Emerging from the collapse of its command economy, Vietnam succeeded in creating a conducive policy environment and building a strong new credit cooperative system. The government benefited from the experience of other countries but replicated none. Instead it came up with an innovation:
cooperative self-help under state control, seemingly a contradiction. The newly established People's Credit Funds (PCFs) are self-managed and self-financed; yet their success is due to the central bank designing the new system, preparing its regulatory framework, providing training and supervision
and enforcing prudential standards, while abstaining from undue interference. Regulation and supervision have been the state's instruments for assuring good performance, avoiding the disaster of the previous credit cooperative sector. The network overall has proved resilient during the global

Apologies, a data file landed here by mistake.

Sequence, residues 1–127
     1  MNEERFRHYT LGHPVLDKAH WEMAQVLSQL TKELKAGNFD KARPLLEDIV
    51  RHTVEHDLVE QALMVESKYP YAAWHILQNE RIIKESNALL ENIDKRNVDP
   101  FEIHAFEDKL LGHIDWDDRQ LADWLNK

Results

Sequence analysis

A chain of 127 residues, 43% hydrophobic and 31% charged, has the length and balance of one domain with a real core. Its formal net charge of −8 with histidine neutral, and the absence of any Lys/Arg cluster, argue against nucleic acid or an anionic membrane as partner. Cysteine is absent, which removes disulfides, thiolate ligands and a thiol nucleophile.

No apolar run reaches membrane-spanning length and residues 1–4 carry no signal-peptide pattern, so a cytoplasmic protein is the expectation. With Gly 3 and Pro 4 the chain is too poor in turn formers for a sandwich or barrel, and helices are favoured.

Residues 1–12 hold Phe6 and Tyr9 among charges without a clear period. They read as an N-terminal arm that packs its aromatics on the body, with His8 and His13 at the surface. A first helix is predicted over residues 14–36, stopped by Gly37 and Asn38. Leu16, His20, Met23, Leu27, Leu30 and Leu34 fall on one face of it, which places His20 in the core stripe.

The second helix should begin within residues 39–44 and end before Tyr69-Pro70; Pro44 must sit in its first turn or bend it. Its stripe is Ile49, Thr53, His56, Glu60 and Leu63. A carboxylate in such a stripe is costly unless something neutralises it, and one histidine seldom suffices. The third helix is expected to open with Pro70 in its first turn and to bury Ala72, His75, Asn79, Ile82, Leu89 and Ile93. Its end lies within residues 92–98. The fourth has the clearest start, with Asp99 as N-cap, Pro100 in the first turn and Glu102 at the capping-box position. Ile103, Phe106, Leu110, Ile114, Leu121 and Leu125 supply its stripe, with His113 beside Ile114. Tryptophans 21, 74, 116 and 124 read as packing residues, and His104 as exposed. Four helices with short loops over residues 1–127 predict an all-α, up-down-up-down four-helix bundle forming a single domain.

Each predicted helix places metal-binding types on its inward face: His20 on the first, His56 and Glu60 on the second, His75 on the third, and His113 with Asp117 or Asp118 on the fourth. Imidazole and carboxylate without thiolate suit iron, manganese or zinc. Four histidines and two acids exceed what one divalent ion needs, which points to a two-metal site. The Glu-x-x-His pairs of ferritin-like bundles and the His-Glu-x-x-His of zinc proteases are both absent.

crisis, but with some differences between the rural PCFs and their central fund, which in addition to liquidity exchange also provides retail services in urban areas.